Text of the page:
- By using simple, easy to follow criteria you can create a successful DGI portfolio.
- I have begun to trim positions which become overvalued.
- During difficult market conditions my portfolio has been able to outperform both the S&P and SDY.
It's been a rocky first quarter for the stock market. And therefore it has been a perfect environment to show the benefits of DGI. It was easy to have a good performance last year when the S&P was up over 30%, and dividend stocks in general performed very well. It was a "rising tide lifts all boats" environment. But this year, with such a rough month of January, a big drop this past week, and the S&P being down almost 2% for the year, it's been a perfect opportunity to see how my portfolio would perform during a tough time in the market. After all, it is during a flat to down market when you would expect a DGI portfolio to outperform.
Over the past year and a half I have been developing and refining my Keep It Simple, Stupid (KISS) system for creating a dividend growth portfolio. The system I developed has been discussed here, and in my previous updates, but as a quick summary my criteria for buying stocks are as follows:
For Purchase of Regular stocks
- The stock is on the Dividend Champions, Contenders and Challengers ((NYSE:CCC)) list (as compiled by David Fish)
- The Yield >3%
- The Payout ratio < 60%
- The Chowder Number >12%
- A Quality Rating of A- or better from S&P
- FAST Graph shows a 10 year uptrend in earnings
- FAST Graph shows that the stock is not overvalued.
As of this update I have increased my yield criteria from 2.5% to 3%. I am soon to turn 50 and I feel I need to stick with higher yielding stocks. Since I'm getting closer to retirement I don't have as much time as I used to to depend on low yielding stocks with higher dividend growth. This doesn't mean I am going to sell my lower yielding, higher dividend growth stocks presently in my portfolio, but I will limit my new purchases to stocks yielding at least 3%.
For Purchase of MLPs, REITS and utilities
- The stock is on CCC list
- Yield > 3%
- Chowder Number > 8%
- DGR for all time periods (1yr, 3yr, 5yr and 10yr) at least 4%, but also consistent over all time periods.
- FAST Graph shows a 10 year uptrend (or the life of the company, if less than 10 years) in Funds From Operations (FFO).
- FAST Graph shows that the stock is not overvalued.
For Sales of any Position
- The Stock cuts or freezes its dividend
- The Stock becomes over valued, 2 years ahead of where the price should be based on its consensus earnings and normalized PE ratio, as per FAST Graphs.
This second sell criteria is a new criteria, and I would like to discuss this before proceeding on to the rest of my portfolio update.
In developing my KISS system, I set up a group of criteria that I use to make all of my stock purchases and sales. I feel that by setting up well thought out rules you can take emotion out of your decision making, preventing you from making some of the more common investing mistakes. Part of this process was setting up rules for rebalancing my portfolio. As I've been carrying out ((NYSE:DGI)) over the past year and a half, "rebalancing" did not mean the same to me as it might mean to other investors. For me it described how I reinvested, on a quarterly basis, the dividends I had collected over the past three months, as well as my most recent 401K contributions. The way I did this was to use my PAAY system (as described in this article) to determine which of the stocks that I own would receive more funds. I did not plan to sell any shares during my "rebalancing" to truly keep my stock positions balanced, as other investors might do. I felt that if any of my stocks became over weighted then I would stop buying more shares of that stock, but I would not sell some of the position just to bring it back into balance. I would let it continue to grow.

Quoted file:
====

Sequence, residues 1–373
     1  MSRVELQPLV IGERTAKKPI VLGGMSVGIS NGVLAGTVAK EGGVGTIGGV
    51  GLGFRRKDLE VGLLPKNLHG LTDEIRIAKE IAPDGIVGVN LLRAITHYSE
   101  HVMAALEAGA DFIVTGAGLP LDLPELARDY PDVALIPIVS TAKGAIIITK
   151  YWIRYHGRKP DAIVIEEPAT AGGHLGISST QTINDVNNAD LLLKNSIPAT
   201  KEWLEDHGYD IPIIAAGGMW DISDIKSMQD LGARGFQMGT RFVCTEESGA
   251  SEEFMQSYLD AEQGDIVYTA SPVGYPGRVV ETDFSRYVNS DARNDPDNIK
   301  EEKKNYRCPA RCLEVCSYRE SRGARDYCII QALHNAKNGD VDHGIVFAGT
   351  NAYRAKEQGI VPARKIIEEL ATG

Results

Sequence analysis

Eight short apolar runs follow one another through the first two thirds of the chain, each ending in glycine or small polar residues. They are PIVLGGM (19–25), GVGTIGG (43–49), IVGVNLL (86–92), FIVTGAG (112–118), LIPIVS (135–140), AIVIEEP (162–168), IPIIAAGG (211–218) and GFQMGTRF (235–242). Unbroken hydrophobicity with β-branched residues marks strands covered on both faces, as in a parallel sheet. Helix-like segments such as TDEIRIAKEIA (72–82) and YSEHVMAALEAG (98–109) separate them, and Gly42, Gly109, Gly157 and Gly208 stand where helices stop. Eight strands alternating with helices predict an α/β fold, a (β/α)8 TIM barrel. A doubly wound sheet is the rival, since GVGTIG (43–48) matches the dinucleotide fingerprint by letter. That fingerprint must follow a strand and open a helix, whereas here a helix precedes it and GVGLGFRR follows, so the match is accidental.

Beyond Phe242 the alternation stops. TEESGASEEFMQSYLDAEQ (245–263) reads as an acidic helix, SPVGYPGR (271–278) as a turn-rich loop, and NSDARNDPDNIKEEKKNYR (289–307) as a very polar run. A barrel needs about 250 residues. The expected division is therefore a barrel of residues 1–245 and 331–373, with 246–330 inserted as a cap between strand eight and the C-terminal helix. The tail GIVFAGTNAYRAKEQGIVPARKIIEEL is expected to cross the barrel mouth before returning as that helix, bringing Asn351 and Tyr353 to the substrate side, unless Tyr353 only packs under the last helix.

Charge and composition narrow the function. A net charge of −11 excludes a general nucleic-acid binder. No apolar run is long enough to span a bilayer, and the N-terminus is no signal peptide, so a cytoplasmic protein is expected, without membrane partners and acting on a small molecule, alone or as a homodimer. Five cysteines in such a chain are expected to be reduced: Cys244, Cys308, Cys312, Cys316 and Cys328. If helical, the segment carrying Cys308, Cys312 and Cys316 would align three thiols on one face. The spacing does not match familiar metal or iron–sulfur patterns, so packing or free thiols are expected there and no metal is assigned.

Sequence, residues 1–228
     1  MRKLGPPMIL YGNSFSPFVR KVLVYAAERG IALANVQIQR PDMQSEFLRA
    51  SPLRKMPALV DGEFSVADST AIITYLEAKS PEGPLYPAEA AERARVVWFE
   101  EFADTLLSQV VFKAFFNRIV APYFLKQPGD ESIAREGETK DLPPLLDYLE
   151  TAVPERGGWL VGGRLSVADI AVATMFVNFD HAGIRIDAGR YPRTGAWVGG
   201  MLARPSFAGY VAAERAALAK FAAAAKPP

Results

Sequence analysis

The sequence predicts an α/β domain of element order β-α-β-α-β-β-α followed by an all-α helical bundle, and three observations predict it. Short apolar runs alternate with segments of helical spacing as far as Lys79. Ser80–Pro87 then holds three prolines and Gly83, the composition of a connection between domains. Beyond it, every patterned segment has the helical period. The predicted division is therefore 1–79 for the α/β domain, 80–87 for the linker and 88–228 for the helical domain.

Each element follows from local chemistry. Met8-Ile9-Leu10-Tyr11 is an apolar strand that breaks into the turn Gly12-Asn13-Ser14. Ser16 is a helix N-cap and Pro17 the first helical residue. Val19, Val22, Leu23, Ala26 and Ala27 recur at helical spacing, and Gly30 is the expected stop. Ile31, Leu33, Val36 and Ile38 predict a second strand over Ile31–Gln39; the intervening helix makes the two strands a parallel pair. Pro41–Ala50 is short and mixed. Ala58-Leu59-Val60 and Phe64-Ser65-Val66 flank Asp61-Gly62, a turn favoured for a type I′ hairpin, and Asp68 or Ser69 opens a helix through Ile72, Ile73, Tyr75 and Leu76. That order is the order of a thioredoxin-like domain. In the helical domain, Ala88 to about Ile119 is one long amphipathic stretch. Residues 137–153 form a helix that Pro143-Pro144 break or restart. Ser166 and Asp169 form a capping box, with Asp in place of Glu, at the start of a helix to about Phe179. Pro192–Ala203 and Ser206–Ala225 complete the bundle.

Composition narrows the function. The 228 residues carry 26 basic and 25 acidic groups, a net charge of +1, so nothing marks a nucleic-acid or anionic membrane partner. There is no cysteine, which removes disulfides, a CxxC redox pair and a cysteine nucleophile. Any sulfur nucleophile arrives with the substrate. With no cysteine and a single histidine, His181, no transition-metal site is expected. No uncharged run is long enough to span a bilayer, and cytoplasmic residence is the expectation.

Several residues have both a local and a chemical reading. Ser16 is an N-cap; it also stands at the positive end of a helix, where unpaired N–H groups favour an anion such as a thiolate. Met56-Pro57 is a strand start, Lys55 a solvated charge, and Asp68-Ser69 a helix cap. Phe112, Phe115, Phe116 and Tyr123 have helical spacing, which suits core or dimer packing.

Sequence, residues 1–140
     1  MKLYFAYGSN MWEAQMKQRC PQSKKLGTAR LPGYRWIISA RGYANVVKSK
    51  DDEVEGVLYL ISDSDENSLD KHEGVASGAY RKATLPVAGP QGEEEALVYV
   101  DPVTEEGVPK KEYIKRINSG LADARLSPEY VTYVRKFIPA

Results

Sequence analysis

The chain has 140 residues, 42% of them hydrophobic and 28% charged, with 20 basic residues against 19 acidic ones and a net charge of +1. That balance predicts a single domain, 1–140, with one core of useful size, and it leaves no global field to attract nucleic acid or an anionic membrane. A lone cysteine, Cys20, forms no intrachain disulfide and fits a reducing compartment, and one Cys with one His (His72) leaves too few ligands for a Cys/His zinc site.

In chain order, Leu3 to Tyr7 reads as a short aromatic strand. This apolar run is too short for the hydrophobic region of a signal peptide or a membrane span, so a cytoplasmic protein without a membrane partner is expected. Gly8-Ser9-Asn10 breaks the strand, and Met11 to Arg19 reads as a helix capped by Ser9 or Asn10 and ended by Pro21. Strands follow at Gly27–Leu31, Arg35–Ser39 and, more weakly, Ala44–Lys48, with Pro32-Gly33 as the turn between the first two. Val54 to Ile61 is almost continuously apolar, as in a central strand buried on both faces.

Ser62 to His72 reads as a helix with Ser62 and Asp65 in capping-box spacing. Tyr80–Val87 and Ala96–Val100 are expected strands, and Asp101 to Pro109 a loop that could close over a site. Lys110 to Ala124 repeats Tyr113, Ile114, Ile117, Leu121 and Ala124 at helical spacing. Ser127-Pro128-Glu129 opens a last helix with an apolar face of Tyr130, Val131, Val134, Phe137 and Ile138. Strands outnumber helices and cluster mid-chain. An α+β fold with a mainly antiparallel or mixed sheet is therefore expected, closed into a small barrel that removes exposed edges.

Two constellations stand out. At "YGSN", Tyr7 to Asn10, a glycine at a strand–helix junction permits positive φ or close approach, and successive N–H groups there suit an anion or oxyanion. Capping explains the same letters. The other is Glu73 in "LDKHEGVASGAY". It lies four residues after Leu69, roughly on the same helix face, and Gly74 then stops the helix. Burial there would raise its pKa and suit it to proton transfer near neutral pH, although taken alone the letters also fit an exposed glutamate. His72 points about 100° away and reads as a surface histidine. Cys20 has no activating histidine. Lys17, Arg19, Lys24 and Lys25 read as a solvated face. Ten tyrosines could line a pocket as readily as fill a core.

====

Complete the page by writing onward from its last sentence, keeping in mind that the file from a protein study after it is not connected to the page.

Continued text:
But as I've discovered, not only have some of my stocks become larger, in terms of size of position, than the other stocks in my portfolio, but they have also become overvalued. Over the past few months, I watched Boeing (NYSE:BA) rise to over $144, before falling back to the $120's. I felt that BA was overvalued at $144, but my rules told me not to sell any of it since it did not cut or freeze its dividend. So I held it and watched the price fall back. Don't get me wrong, I have not been losing sleep over the drop in BA's price, and I'm still quite happy with its over all performance since I've owned it, but I felt like maybe I could have come up with some way to take some profits off the table when I felt it became overvalued. Another problem I began to encounter was that as my stocks increased in price, my portfolio yield fell. This also is a problem I'm not going to complain too much about, but I was trying to maintain a certain over-all yield of my portfolio, and the increase in prices kept decreasing my portfolio's yield. I felt like I should be able to sell some of these overvalued stocks, and use that money to buy other undervalued stocks. In this way my long-term results should improve. But how do I figure out when/if to sell? I needed to come up with a way that would fit in with my KISS system: simple, easy to understand, and effective.